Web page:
At times interesting, at times very silly, Divergent is moderately entertaining, though sometimes it gets weighed down by its fizzbins, which are typical of YA literature from The Giver through the Harry Potter saga all the way into the rash of post-apocalyptic and/or dystopian literature and movies out there today.

What’s a fizzbin? Fizzbin, n. A contrivance; a gimmick, as in the Royal Fizzbin made up by Captain James T. Kirk in the Star Trek episode “A Piece of the Action.”

My, oh, my, Divergent includes quite a number of fizzbins, and the subsequent episodes in the trilogy are so full of fizzbins I had trouble comprehending the synopses for the later installments, Insurgent and Allegiant. Indeed, in comparison, Divergent goes light on the fizzbins. It starts out with the Five Color-Coded Factions of Society: Abnegation, Amity, Candor, Dauntless, and Erudite. (Guess there's no faction called Artistic.) Are you selfless, kind, honest, brave, or smart? Somehow, being one is supposed to avoid conflict and create a utopian society. Go figure! Yet, being in factions already seems to cause prejudice and ostracism. Members of each faction make jokes about the others, and everybody’s afraid of the Dauntless who wear tight black clothing, sport cool hairdos, and run around like hooligans. Dauntless never walk, and they jump off moving trains instead of waiting for them to stop.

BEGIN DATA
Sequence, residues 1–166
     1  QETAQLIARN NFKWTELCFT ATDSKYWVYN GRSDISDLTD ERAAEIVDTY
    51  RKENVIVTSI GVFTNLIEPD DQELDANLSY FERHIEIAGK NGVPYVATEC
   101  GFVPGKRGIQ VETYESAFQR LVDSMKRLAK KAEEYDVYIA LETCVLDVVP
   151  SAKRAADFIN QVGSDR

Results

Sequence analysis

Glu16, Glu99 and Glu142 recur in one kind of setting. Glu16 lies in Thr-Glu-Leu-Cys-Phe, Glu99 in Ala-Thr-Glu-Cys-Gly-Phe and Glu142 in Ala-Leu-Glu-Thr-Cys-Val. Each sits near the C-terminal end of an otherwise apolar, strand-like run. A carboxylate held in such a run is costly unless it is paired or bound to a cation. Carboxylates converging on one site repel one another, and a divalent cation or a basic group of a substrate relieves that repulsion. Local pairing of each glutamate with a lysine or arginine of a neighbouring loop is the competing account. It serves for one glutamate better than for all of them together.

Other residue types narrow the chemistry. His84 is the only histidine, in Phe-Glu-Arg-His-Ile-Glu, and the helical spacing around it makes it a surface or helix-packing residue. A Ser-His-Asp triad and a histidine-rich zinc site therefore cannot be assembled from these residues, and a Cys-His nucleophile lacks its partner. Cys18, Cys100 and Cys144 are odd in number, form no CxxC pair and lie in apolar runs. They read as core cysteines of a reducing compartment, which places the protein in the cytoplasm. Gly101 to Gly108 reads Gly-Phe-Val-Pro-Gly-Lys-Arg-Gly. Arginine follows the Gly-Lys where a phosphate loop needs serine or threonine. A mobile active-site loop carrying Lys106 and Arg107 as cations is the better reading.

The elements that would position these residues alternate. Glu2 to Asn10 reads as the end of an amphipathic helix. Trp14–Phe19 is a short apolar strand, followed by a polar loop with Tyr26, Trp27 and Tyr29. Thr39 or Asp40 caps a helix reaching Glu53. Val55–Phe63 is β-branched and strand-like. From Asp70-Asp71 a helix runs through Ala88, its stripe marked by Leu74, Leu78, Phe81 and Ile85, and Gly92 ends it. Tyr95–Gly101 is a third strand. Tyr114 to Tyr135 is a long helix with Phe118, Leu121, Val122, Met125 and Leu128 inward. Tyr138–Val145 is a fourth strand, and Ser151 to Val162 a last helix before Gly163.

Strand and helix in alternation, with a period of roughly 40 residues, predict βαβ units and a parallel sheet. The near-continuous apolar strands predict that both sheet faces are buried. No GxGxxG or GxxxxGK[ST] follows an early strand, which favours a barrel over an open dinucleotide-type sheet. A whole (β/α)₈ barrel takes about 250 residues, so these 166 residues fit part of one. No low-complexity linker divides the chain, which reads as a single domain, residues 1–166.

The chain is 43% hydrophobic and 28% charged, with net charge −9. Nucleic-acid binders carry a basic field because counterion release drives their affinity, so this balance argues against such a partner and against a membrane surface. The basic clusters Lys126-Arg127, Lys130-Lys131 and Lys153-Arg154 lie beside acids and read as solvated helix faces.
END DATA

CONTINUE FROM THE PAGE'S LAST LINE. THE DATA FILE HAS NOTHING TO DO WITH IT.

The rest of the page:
Another fizzbin: Choosing Day. Yeah, just like choosing Slitherin or one of those other houses in the Harry Potter books and movies. This ceremony involves five bowls symbolic of each faction, and each chooser selects a faction by placing a drop of blood in the bowl of choice. This doesn’t happen, however, until after the Aptitude Test – a mind surveillance procedure that delves into a person’s mind to see which faction you are best suited for. Needless to say, Tris's test is inconclusive. "Inconclusive!" Ooh, ah, that means she's Divergent, which means she is dominated by more than one characteristic. Apparently, this is rare. You'd think this wouldn't be so rare, but I guess the residents of this futuristic Chicago are kind of boring. Indeed, they are very boring. Dauntless are rowdy. Erudite are snobby. Abnegation are SO Amish!